Sunday, 16 May 2010

As time goes by in Bristol...

First Bristol wine bar c. 1976, Park Street: bare boards, coal fire giving off its gritty industrial smell.

Sartorial choices made that evening almost identical: black flares, boots and polo necked sweaters – seriously cool. More spectacularly both in fur coats.

We drank our wine, suavely picking tobacco from our lips with thumb and fourth finger as we exhaled our Gauloises into the glow of candles, fire and our own self-love; talking with hands and eyes. Soundtrack?: As time goes by - atmosphere set for a dramatic evening and in an instant both consented to play.

Next, to an empty club – drinking and smoking on the mezzanine, talking dirty we took in the club’s centrepiece, a glossy black grand piano. Soundtrack?: Well the staff could see as well as us how the night was panning out so they helped things along with Je t’aime. Laughed of course, savouring the music.

From there wrapped in furs, walked the streets silently to Floyd’s Bistro rounding a corner to the suspension bridge twinkling in mid air.

Gasping with delight entered the restaurant, ordered our food and looked at each other over the glow of yet another candle; recognising how special the evening was, how incredible the coincidences, and how absolutely wasted they were. In the complete absence of frisson, we shared only the delight of superficial stage management played on us by the gods that night. What a tragedy but what a great memory. And oh the music and the night and the youth …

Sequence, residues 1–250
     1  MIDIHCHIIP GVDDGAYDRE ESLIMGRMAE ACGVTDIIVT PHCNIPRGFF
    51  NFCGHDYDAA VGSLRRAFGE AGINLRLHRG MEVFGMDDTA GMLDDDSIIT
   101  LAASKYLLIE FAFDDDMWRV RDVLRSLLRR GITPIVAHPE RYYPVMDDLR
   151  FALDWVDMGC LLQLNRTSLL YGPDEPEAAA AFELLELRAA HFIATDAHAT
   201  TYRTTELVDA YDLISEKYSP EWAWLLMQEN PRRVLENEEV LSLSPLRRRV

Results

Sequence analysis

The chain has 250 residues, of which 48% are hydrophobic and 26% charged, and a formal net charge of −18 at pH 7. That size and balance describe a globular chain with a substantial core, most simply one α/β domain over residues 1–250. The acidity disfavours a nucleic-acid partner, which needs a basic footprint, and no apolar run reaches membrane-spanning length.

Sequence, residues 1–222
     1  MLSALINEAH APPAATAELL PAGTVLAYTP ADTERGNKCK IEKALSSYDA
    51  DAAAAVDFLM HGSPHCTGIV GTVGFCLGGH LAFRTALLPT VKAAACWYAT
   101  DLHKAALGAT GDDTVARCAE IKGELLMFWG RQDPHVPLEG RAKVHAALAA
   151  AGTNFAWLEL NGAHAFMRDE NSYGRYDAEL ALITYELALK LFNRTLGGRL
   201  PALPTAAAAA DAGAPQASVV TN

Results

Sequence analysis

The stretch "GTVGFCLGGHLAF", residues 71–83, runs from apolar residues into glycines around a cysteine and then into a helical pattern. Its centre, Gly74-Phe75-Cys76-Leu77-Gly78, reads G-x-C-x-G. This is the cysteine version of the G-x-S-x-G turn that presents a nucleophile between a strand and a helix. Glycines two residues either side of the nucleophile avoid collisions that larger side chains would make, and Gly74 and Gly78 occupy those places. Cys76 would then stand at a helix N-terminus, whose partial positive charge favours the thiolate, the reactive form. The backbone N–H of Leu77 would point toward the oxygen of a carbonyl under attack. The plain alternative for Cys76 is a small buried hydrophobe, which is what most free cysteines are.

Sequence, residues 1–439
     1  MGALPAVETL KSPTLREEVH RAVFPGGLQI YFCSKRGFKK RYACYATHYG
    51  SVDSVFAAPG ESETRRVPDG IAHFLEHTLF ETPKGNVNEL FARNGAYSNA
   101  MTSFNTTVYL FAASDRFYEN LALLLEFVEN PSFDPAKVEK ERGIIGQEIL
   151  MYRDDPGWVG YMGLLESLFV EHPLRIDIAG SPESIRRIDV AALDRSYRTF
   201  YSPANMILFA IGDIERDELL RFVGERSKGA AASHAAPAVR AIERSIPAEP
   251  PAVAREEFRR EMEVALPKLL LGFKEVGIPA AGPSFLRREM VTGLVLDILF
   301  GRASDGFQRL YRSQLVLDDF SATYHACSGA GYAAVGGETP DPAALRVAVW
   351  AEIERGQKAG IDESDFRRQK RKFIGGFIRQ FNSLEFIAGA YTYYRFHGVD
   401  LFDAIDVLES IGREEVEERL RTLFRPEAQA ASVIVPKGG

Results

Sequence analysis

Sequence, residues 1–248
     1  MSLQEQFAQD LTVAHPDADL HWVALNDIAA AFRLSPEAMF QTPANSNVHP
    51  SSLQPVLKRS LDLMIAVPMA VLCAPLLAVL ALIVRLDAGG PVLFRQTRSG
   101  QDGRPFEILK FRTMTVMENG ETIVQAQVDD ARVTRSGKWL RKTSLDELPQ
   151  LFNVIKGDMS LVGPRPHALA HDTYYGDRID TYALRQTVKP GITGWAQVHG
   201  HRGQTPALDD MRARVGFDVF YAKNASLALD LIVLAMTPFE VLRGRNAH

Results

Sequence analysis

So here’s to you Mr Floyd, thanks for the sorbet, frozen solid in half an orange skin and thanks for the memory. Just about summed up the evening – looked great, smoked steam, tried hard but couldn’t get into it…

Friday, 14 May 2010

Memories, moons and moments

Off to Bristol this evening to a friend's exhibition preview; 'all we do we do for you' Then I came across mention of Sarah Moon, who, unbeknown to her, was part of the bricolage of my youth. A poster of her hung in my Bristol flat, with her smoky eye makeup and a look that said, ‘I’ve been there, I know’.

As a photographer, Moon's work is as haunting as her image and I quite forget my original thread as I lose myself in its labyrinth.

The caption to accompany this picture reads:

'Avril, his fiancĂ©e, follows him everywhere and stays silent. She is ready in her mask and her golden dress. She keeps hearing her name being called as if her turn will come.”
© Sarah Moon

Appealingly she says about her fashion photographs:

"Of course, if something is really bad then I will retouch it but only very little and never trying to make a woman more beautiful. I don't need to do that. They are beautiful and it is my job to work with the light. I don't feel it is my place to make any sort of moral judgement on people who choose to work in that way, but I suppose it does falsify the approach to a human being."

What I like about this photograph, (not Moon’s work) is that the soles of the model’s feet are dirty. Well of course they are she’s been walking on dusty floorboards. Souls become dirty too when the protective

layers of religion are removed. But I think we see our humanity better with bare feet.